ZAGREB, 25 FEBRUARY 2015 – Last week Croatian citizens gathered on the central square of the capital city Zagreb to make a public statement against chinchilla fur farming. In 2007 the Croatian government decided to ban fur farming with a phase-out period of 10 years. Recent lobby efforts of chinchilla breeders have focused on an exemption of the ban for chinchilla farming, which, paradoxically is the only remaining type of fur farming in Croatia. The event in Zagreb, organised by Croatian Fur Free Alliance member Animal Friends Croatia, made it clear that the vast majority of Croatian citizens does not think fur farming is acceptable. A recent poll showed that 3 out of 4 Croatian citizens are in support of a fur ban.
The Croatian Animal Protection Act, that was implemented on the first of January 2007, recognised the fur industry as an extremely cruel practice and banned breeding animals for their fur, with a 10-year phase-out period. Croatians hoped that, after almost a decade into the transitional period, the extreme animal suffering on fur farms would have come to an end. Breeders of the South American rodent have had more than enough time to transition to another, more ethical and humane form of business. The existing ban should be fully effective starting January 1, 2017.
Nine years into the phase-out period, disregarding the fact that the vast majority of chinchilla breeders have complied with the ban, the Association of Croatian breeders of chinchillas has started an initiative to overthrow it. Since chinchillas are the only animals kept on fur farms in Croatia the initiative can be regarded as a mockery of the Croatian law, government, MPs and more than 70% of citizens, who are in support of the ban.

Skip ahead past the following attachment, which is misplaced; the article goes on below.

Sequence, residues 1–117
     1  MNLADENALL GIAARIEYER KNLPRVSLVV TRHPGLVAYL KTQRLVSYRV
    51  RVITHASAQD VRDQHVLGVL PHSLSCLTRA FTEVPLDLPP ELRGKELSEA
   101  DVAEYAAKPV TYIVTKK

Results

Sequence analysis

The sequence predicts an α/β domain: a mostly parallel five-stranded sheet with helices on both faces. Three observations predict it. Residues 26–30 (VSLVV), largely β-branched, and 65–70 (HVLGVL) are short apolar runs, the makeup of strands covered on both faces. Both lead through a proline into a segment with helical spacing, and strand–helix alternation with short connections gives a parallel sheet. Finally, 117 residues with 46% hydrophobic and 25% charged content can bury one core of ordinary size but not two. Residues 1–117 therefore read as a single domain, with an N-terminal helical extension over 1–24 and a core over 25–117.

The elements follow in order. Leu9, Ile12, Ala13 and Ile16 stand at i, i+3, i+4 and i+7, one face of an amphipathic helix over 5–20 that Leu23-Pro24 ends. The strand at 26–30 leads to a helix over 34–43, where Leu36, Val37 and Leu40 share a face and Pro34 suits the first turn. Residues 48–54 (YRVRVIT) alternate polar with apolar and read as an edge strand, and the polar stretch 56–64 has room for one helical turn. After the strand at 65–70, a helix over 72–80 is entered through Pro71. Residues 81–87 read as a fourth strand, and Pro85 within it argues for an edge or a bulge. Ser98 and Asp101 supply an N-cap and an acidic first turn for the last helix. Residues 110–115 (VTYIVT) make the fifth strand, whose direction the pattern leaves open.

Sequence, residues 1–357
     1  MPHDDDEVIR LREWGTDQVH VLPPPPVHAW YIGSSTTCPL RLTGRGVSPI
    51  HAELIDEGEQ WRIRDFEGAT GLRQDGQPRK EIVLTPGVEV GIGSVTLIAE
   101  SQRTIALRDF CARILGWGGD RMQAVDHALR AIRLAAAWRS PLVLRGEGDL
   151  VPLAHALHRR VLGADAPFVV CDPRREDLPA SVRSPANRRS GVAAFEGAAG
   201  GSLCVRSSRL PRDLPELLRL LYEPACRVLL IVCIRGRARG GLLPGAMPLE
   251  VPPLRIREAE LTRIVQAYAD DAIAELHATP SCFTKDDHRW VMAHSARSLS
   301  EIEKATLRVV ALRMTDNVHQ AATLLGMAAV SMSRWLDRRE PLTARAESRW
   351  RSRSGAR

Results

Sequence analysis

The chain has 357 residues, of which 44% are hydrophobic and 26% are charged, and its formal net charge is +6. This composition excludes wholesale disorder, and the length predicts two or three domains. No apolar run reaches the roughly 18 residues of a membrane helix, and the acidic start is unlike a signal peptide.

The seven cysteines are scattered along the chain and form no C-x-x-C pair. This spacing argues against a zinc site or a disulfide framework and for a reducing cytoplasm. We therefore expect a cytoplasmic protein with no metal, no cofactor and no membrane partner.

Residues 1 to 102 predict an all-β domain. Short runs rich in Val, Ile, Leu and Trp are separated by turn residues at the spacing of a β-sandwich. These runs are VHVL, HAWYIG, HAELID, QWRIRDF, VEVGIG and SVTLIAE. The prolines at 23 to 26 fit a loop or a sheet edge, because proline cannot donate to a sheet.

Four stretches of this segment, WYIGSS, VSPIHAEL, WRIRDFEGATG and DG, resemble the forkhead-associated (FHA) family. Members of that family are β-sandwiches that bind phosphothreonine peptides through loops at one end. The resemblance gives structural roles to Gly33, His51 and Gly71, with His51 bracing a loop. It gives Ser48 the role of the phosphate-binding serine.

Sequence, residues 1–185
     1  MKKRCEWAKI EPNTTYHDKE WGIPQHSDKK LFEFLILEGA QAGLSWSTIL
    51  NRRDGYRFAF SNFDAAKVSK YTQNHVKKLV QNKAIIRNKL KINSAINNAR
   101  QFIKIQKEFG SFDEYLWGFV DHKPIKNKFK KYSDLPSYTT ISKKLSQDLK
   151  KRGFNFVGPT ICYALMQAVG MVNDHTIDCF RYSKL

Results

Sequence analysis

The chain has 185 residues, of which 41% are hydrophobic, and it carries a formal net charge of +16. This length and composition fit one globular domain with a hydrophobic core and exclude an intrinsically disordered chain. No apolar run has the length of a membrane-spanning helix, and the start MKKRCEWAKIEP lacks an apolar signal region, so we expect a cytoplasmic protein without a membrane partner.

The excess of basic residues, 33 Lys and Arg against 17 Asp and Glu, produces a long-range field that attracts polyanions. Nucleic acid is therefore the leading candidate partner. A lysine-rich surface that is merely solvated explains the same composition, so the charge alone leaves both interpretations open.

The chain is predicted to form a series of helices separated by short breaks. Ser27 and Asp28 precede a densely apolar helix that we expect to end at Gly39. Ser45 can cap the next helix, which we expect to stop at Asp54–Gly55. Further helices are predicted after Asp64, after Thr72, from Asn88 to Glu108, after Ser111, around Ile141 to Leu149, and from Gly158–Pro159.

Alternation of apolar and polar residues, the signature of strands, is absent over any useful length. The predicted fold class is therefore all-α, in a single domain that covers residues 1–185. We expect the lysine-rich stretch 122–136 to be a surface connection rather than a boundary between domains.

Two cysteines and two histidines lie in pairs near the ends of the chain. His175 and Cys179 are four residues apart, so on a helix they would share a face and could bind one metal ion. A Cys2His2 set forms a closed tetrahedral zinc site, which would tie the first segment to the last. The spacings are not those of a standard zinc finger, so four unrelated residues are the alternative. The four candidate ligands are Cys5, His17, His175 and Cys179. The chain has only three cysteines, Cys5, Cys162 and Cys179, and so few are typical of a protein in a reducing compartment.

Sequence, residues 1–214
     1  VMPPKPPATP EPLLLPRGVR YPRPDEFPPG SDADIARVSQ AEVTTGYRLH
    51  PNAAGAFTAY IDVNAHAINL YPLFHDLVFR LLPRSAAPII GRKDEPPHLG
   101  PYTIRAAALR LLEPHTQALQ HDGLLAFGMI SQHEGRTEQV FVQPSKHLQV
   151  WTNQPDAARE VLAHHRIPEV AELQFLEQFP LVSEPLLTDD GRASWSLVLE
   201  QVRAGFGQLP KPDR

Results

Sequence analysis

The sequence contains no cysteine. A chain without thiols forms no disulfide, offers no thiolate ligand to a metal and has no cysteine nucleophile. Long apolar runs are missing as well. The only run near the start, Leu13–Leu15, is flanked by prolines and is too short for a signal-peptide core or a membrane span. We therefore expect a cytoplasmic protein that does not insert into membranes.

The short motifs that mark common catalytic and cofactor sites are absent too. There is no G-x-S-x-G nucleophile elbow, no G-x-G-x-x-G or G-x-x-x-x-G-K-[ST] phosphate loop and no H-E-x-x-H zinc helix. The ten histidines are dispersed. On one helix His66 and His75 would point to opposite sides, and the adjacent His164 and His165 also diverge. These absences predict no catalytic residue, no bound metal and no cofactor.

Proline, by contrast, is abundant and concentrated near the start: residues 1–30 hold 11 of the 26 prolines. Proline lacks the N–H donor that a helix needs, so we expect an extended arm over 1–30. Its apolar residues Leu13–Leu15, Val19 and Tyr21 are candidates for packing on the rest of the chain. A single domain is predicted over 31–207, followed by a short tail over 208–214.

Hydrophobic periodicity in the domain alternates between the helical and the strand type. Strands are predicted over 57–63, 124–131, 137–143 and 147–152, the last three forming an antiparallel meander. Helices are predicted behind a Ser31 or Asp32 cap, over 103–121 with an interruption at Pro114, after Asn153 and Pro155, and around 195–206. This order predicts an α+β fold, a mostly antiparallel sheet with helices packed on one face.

The serious animal welfare problems that result from keeping wild animals in small cages are confirmed by numerous, extensive scientific research studies. Animal cruelty is inherent to fur production and animals on all fur farms have been found to exhibit severe health issues and stress-related symptoms as infected wounds, self-mutilation, infanticide, cannibalism and stereotypical behaviors. After a short miserable life in a small cage animals in the fur industry are killed by painful methods such as electrocution, gassing or neck breaking. Fur bans are the only legitimate solution to the serious animal welfare problems in the fur industry.
Fur farming is therefore banned in many countries, such as the United Kingdom, Northern Ireland, the Netherlands, Austria, Slovenia, Bosnia and Herzegovina, Serbia and Macedonia, and effectively banned in Germany and Switzerland due to stricter regulations. An increasing majority of the European population finds it unjustifiable to subject animals to prolonged suffering for trivial ends, such as fur coats or fashion accessories.